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Cell Growth & Differentiation, Vol 8, Issue 10 1091-1098, Copyright © 1997 by American Association of Cancer Research


ARTICLES

Dexamethasone signaling is required to establish the postmitotic state of adipocyte development

EC Shugart and RM Umek
Department of Biology, University of Virginia, Charlottesville 22903, USA.

The clonal expansion phase of 3T3-L1 adipose conversion is a distinct mitotic period during which the initiation of differentiation occurs concomitant with a discrete set of mitotic divisions. During clonal expansion, a cocktail of adipogenic hormones, including the glucocorticoid dexamethasone, induced 3T3-L1 cells to progress from postconfluent adipoblasts to postmitotic adipocytes. It is reported here that expression of the growth arrest-associated gene 2 (gas2) discriminated reversible, postconfluent growth arrest from irreversible, postmitotic growth arrest. In the absence of dexamethasone, 3T3-L1 cells underwent mitoses but failed to establish postmitotic growth arrest, as evidenced by the persistence of elevated GAS2 mRNA. Moreover, the dexamethasone-deprived 3T3-L1 cells appeared to revert to postconfluent growth arrest, as judged by (a) their ability to reenter logarithmic growth under permissive conditions, and (b) their ability to undergo adipose conversion when subsequently challenged with a complete cocktail of adipogenic hormones. The growth potentiating factor-encoding gene, gas6, was shown to be an immediate-early target of dexamethasone. These findings reveal the requirement for dexamethasone in establishing the postmitotic state that accompanies differentiation. In addition, the results suggest that dexamethasone signaling influences the mitotic divisions of clonal expansion by determining the nature of the growth arrest state assumed upon exit from the cell cycle.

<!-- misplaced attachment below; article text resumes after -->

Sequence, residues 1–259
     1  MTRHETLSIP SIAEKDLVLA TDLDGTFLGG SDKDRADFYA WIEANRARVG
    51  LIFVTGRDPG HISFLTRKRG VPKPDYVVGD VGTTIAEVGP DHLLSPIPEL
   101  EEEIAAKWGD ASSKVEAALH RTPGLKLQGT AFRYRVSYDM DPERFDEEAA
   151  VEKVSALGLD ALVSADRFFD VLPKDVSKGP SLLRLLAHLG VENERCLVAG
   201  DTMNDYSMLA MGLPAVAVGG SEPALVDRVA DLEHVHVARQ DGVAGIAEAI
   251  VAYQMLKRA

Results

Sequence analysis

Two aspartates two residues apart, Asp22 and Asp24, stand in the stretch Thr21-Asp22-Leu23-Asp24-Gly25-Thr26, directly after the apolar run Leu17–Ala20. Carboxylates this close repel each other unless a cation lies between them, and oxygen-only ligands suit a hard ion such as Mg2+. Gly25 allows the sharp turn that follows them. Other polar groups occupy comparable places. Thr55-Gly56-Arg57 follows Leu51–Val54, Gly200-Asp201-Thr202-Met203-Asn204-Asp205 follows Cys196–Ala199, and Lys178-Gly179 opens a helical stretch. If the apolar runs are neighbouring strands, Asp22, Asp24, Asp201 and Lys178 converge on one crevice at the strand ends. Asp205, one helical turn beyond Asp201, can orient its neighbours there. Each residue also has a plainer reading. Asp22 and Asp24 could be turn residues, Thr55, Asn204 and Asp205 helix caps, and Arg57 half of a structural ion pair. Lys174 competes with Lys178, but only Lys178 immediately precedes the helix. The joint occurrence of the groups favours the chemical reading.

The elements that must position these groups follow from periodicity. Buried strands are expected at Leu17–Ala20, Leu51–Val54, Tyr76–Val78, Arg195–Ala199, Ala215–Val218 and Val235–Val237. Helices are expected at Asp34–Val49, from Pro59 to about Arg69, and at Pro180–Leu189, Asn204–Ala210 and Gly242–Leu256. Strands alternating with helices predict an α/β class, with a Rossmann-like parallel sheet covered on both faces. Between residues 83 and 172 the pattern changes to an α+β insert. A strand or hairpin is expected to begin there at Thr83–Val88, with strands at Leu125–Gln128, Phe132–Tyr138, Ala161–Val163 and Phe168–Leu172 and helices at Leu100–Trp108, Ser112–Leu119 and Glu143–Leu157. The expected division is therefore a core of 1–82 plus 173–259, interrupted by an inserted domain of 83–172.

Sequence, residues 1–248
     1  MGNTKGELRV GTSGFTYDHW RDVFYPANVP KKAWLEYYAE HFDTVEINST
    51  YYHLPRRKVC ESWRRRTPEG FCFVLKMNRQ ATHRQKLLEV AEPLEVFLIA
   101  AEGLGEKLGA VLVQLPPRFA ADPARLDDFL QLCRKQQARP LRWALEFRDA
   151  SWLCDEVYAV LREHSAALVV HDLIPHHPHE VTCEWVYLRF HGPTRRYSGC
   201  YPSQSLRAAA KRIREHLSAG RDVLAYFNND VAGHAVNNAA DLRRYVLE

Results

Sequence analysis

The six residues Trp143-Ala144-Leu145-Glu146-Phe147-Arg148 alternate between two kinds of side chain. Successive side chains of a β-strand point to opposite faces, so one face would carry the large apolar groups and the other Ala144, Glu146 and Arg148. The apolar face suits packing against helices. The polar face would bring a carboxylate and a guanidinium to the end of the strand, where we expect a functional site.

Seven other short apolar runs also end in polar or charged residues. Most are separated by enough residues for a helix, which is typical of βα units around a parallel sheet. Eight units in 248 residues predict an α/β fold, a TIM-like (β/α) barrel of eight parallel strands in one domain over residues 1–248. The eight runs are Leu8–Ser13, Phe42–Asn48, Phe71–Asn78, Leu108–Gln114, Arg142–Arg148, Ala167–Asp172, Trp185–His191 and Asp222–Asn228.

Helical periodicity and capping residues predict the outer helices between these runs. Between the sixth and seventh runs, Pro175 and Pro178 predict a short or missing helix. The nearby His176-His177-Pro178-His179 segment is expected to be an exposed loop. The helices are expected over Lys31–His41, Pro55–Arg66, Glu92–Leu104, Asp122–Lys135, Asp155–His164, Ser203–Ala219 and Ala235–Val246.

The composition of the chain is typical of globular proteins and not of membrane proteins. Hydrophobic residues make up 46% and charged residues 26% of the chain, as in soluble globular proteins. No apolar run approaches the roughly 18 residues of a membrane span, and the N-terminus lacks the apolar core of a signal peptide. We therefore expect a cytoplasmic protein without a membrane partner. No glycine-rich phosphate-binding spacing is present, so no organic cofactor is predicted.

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HOME HELP FEEDBACK SUBSCRIPTIONS ARCHIVE SEARCH TABLE OF CONTENTS
Cancer Research Clinical Cancer Research
Cancer Epidemiology Biomarkers & Prevention Molecular Cancer Therapeutics
Molecular Cancer Research Cell Growth & Differentiation
Copyright © 1997 by the American Association of Cancer Research.